Visiting Irish minister Seán Canney hails solidarity with its people living abroad as he tours around China.
(Photo: Irish CG Peter Ryan (left) with minister Seán Canney)
For the third consecutive year Hong Kong was painted green with the celebration of the St Patrick’s Day parade on 12 March, 2017. After lighting the eyes of the dragon and the lion, the line of green marched on and reached Tamar Park on a fine Sunday afternoon where Irish compatriots, local and international participants were then treated with three hours of non-stop Irish entertainment.
A total of 38 groups and some 700 individuals took part in the parade. Also attending was Seán Canny, the visiting Irish Minister for State at Office of Public Works and Flood Relief, who was accompanied by Ireland’s Consul General to Hong Kong and Macau Peter Ryan as well as Ambassador to China Paul Kavanagh.
“A highlight for me was to see so many young and local people participating and enjoying our culture,” Mr Canney said. “From our point of view, as the only English-speaking country that will be left in the European Union upon UK’s exit, we want to let people know that we are very much open for business and for people to come and locate in our country for business.”
Mr Canney took a short trip to Macau on Monday and departed for Shanghai later that day to meet with Chinese officials responsible for infrastructure projects and flood relief measures. The minister will also visit Nanjing and Huzhou before hosting a St Patrick’s Day celebration in Beijing that will see the Great Wall decorated in green for the fourth year in a roll.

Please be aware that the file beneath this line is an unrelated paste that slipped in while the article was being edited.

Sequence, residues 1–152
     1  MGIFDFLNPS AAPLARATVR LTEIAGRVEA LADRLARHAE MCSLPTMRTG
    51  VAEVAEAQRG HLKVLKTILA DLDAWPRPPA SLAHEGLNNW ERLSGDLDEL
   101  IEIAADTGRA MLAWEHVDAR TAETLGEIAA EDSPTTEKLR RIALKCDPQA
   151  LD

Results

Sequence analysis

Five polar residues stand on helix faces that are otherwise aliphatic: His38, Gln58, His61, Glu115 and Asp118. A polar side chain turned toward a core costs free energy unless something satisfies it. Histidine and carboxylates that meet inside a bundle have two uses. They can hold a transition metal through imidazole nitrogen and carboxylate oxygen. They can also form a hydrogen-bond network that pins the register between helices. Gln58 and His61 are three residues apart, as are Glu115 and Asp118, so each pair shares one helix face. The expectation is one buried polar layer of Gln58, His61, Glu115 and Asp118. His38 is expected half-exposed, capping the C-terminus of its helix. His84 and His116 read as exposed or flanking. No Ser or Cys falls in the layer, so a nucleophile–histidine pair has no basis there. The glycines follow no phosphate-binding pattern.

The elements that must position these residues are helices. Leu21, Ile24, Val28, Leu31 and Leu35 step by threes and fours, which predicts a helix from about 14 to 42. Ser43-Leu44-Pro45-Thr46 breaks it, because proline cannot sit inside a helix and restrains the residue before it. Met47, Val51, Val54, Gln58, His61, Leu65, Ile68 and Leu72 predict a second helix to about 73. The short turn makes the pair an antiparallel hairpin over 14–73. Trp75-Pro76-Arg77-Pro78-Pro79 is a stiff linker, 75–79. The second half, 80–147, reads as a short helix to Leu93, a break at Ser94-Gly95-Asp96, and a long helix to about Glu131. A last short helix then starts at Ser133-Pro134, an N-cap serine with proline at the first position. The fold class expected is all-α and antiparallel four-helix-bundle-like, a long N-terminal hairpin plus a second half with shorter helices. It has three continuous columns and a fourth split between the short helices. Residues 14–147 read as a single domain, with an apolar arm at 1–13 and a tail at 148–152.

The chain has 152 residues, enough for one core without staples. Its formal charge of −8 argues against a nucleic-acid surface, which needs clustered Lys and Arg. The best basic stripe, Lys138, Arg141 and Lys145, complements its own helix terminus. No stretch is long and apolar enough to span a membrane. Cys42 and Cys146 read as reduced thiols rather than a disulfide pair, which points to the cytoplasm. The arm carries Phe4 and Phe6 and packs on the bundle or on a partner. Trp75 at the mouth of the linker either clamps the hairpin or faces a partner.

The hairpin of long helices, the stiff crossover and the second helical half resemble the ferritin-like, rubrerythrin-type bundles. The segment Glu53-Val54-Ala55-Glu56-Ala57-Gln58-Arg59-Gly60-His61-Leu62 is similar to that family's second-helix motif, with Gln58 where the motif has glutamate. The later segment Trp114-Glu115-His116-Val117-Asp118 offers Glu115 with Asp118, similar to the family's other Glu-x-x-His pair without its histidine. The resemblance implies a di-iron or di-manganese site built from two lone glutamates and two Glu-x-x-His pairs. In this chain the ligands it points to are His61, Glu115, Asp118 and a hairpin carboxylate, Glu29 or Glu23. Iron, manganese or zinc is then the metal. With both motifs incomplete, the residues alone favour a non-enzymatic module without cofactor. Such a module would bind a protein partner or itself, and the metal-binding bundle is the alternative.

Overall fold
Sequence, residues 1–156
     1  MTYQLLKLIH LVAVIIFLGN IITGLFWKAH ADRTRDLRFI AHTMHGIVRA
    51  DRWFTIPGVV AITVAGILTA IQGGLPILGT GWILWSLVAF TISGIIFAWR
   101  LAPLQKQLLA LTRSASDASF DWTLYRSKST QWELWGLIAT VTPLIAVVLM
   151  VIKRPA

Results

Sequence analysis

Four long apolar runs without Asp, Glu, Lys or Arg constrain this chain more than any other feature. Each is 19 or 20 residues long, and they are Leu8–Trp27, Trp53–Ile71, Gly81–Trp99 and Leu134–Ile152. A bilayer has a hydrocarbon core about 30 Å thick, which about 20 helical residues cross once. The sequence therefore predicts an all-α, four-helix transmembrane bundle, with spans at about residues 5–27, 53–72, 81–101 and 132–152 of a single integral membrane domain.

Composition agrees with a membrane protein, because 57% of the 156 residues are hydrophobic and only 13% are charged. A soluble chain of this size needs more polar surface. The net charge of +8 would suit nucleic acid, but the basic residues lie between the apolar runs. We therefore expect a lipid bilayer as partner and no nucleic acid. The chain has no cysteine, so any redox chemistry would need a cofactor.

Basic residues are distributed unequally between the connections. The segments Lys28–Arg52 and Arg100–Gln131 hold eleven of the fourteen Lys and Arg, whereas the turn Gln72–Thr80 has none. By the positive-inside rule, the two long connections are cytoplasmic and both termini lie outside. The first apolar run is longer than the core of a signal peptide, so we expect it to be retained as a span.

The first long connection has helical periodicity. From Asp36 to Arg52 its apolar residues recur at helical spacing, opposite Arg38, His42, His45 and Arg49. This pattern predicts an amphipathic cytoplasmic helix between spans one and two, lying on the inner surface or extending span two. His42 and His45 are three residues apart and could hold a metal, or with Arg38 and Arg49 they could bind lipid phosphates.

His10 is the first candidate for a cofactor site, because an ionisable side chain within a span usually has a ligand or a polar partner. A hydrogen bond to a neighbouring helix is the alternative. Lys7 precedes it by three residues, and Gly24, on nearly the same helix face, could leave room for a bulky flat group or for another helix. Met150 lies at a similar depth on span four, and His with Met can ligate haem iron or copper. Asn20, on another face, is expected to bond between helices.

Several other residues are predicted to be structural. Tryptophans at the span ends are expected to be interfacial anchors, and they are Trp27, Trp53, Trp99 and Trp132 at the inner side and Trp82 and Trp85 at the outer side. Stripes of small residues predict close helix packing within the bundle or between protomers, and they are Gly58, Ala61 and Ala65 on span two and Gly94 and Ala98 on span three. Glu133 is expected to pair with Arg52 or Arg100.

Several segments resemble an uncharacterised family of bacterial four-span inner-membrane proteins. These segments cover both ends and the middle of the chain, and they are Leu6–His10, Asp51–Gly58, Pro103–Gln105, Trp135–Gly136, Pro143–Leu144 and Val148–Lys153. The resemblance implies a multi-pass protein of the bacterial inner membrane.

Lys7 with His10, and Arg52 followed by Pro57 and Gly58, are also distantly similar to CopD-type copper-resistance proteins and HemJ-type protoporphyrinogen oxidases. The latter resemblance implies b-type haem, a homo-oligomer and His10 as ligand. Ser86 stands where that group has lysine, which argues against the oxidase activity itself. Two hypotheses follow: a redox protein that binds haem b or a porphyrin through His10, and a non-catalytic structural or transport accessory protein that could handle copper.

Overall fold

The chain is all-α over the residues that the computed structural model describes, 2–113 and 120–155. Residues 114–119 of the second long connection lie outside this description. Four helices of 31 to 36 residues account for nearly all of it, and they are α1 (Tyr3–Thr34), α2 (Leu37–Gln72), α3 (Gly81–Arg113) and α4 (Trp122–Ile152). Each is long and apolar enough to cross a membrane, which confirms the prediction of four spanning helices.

Mr Canney’s trip to China is part of an annual programme which sees the Taoiseach, Tánaiste and 27 ministers taking part in over 100 business events and high-level political meetings in 27 countries. These state visits have however been criticised back home as costly and unnecessary on top of a controversial meeting between the outgoing Enda Kenny and US president Donald Trump on Thursday.
In response, Mr Canney stressed that the visits are paying dividends not only in the form of business contracts they have attracted, but also to appeal to Irish abroad that Dublin is with them.
“We know the importance of connecting and communicating with all our people around the world just as St Patrick’s Day is vital in promoting Ireland across the world,” Mr Canney asserted. “Our visitings come in the right time as we will have a referendum to allow Irish people living all over the world to have the right to vote in our presidential elections. That’s a statement to say that we want to include the full Irish family and to see these places where our people are living and working.”
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